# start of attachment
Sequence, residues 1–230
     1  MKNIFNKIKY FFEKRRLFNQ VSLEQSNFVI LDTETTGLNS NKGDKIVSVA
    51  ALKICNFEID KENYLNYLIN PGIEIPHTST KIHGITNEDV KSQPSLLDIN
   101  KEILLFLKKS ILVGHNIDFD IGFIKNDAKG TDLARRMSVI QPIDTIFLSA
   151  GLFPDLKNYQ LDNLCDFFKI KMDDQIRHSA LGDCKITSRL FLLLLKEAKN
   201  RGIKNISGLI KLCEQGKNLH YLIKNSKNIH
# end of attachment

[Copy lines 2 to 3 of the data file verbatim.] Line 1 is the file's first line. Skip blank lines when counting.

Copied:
     1  MKNIFNKIKY FFEKRRLFNQ VSLEQSNFVI LDTETTGLNS NKGDKIVSVA
    51  ALKICNFEID KENYLNYLIN PGIEIPHTST KIHGITNEDV KSQPSLLDIN